Alcoholics Learn To Make Their Own Beer In Canadian Program

Tyler BigChild, a board member of Vancouver's Drug Users Resource Center, is also part of its Brew Co-Op. The group teaches alcoholics how to make beer and wine, in the hopes that they'll stop risky behavior such as drinking rubbing alcohol.

Call it a new twist on the old “teach a man to fish” adage. A group in Vancouver, British Columbia, is teaching inveterate alcoholics to brew their own beer and make their own wine, in an attempt to keep them from drinking unsafe liquids to get an alcoholic high.

The project is the work of the , which works to help people who suffer from mental illness and addictions in downtown Vancouver. News of the beer and wine project is spreading weeks after the publicly funded group’s Drug Users Resource Center unveiled a coin-operated machine that .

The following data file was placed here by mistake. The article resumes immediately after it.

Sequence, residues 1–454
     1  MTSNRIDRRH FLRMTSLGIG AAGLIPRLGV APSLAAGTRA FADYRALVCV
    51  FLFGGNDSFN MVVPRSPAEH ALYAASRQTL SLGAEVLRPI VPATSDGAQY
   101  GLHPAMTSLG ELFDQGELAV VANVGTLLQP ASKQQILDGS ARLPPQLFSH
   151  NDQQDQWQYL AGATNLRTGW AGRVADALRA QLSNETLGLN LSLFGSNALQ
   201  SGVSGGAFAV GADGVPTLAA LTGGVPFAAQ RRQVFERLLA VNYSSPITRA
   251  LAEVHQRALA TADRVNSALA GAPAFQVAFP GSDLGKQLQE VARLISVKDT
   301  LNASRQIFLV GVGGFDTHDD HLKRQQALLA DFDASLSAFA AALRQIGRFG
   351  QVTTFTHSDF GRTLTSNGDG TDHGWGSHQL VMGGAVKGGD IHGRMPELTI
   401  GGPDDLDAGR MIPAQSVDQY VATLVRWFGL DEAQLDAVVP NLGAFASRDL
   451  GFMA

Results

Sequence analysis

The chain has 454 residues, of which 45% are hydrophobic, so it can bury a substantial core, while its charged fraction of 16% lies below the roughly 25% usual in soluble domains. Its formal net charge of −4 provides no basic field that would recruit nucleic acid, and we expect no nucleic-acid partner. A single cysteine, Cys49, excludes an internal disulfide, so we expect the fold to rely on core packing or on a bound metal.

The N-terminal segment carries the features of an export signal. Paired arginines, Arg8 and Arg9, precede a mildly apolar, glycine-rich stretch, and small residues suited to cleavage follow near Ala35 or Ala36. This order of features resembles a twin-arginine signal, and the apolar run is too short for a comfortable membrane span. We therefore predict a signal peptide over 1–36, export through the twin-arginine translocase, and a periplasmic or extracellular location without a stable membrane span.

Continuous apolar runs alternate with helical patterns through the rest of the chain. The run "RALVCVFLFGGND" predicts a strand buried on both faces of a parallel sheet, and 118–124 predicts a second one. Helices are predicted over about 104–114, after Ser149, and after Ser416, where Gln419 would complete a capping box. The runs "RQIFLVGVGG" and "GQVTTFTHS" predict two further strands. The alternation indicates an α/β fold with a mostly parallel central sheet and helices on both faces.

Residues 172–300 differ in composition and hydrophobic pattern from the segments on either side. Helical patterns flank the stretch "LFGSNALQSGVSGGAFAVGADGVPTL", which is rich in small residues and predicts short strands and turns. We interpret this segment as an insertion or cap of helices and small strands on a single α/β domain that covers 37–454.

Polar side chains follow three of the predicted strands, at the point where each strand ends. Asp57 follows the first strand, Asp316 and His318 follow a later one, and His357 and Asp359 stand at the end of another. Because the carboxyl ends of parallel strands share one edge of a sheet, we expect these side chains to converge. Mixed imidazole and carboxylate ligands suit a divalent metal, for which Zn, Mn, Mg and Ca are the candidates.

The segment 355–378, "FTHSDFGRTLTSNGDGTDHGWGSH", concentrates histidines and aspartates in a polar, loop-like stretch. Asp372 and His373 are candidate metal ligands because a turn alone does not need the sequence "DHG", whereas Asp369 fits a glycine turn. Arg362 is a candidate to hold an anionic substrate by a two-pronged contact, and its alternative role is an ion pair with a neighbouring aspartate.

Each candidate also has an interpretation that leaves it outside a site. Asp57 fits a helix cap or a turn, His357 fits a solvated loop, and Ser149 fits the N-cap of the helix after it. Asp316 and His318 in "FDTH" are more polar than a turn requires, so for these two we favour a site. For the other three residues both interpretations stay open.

The Portland Hotel Society’s leaders say they want to provide safe alternatives to people who might otherwise be forced into risky and unsafe behavior — everything from shoplifting booze to drinking any substance they can find that contains alcohol.

“Obviously, we’d rather they didn’t drink,” the society’s executive director, Mark Townsend, tells the . “But if they do, we’d rather they didn’t drink hand sanitizer.”

The brewing program, which began about six months ago, requires participants to make several commitments in exchange for about five liters of home-brewed beer. Townsend says that in addition, they also get a sense of pride and achievement in making their own beer.

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